The growing range of services for immigrants in Modi'in is a reflection of a new approach to immigration to Israel, says Uri Barner, deputy director of Western aliyah at the Jewish Agency.
"Realizing that aliyah from countries in distress is on the decrease, the Jewish Agency and the government of Israel must develop new programs for 'aliyah of choice.' This is a whole new concept whereby immigrants decide to come here because we have something to offer," he says.
According to Barner, ideology no longer plays the central role it once did in generating aliyah from the West.
"We live in a post-ideological era. Once the Holocaust, the creation of the state, Zionism were very much the driving forces. Today, if we want to encourage aliyah of choice, ideology is important but is not sufficient to drive people to come to Israel. They have to identify with Israel, too, and see that they will be effectively absorbed.
"Once we understood this, we realized we must develop new aliyah and absorption products. Our clients - the olim - have their own will and wishes and agenda. To increase aliyah, we must understand what is important to them and try to offer things that might be effective for them. This is where Modi'in comes into the picture.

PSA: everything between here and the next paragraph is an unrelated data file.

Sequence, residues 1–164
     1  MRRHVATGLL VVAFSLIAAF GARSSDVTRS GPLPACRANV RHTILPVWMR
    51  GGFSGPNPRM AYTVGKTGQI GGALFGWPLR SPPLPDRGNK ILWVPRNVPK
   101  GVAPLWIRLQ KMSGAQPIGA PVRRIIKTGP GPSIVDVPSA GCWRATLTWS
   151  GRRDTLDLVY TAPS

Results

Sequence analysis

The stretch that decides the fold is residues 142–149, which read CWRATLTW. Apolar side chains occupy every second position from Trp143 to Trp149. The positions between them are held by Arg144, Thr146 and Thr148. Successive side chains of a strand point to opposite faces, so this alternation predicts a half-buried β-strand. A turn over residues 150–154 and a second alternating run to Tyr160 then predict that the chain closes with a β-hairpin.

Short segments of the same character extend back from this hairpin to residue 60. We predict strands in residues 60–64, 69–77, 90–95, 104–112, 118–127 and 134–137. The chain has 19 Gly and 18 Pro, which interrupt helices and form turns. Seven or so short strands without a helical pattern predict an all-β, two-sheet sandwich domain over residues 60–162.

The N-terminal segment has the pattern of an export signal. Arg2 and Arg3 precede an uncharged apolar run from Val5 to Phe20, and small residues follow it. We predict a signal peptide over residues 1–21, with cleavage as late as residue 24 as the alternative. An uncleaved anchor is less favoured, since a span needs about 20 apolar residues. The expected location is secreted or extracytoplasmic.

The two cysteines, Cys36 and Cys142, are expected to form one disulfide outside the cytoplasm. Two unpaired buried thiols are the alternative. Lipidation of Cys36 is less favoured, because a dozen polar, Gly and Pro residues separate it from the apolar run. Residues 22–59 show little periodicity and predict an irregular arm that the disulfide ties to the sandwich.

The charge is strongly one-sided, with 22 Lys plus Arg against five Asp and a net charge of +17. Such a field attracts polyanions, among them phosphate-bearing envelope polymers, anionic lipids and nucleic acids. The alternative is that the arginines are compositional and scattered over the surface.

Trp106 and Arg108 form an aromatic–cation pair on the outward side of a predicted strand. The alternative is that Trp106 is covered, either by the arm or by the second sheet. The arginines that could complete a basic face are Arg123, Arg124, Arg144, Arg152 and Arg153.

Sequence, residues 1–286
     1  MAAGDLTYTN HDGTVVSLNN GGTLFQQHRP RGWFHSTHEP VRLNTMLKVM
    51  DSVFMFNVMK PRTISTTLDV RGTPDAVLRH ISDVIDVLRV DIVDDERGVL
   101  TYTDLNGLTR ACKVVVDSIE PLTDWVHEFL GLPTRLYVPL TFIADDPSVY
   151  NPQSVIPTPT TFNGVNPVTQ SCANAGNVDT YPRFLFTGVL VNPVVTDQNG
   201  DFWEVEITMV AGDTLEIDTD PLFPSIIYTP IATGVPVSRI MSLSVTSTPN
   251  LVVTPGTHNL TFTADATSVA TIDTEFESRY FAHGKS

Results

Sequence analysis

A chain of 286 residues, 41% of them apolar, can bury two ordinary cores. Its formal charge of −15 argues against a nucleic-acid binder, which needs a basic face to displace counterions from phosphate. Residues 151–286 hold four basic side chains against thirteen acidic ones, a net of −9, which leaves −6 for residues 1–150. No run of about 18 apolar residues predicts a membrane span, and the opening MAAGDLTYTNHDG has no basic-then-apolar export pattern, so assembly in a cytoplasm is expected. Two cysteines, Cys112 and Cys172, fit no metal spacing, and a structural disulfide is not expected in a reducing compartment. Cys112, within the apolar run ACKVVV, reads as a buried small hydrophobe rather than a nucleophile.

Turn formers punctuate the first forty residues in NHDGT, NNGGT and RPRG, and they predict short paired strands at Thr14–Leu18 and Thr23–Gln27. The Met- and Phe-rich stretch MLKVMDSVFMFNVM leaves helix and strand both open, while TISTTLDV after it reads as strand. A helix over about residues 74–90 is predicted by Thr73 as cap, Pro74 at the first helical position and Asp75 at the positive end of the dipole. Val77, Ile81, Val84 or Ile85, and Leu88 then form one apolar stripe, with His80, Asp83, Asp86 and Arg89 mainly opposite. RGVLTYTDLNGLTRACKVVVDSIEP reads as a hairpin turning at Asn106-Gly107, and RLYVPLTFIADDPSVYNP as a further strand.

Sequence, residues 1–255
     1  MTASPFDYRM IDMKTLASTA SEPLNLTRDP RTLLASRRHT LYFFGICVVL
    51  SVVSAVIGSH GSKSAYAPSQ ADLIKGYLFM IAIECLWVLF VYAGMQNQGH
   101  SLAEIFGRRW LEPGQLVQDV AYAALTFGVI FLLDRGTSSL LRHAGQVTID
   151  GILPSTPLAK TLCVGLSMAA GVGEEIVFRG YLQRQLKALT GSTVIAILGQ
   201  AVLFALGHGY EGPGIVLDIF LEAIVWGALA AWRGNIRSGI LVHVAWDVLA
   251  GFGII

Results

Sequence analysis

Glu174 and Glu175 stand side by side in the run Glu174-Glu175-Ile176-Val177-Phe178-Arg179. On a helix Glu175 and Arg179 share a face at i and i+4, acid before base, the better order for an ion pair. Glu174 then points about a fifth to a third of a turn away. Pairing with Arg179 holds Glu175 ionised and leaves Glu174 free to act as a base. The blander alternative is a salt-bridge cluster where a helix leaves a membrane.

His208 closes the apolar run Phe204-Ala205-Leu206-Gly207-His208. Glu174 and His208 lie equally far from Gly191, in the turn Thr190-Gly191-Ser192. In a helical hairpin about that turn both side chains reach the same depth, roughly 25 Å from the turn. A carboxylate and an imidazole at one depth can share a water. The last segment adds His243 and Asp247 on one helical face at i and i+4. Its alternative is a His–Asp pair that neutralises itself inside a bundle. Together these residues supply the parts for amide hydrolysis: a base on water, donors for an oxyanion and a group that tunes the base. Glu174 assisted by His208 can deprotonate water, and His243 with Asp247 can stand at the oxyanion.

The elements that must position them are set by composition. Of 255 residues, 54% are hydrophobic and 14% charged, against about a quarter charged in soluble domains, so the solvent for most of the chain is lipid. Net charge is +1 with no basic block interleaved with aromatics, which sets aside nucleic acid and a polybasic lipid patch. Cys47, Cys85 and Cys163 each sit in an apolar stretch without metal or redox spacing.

"We expect it to really take off in 2007, especially with South Africans," he forecasts.
Barner says the Jewish Agency is particularly keen to promote the city as an aliyah destination to Reform Jews in North America. This group, which makes up some 45 percent of the community there, has been the least inclined towards aliyah, he says.
"We need something attractive to them. Modi'in seems to be perfect. There's a young and dynamic Reform community where they can continue their lifestyle. That's why we were so keen to expand the 'klitah kehillatit' program to North Americans there."
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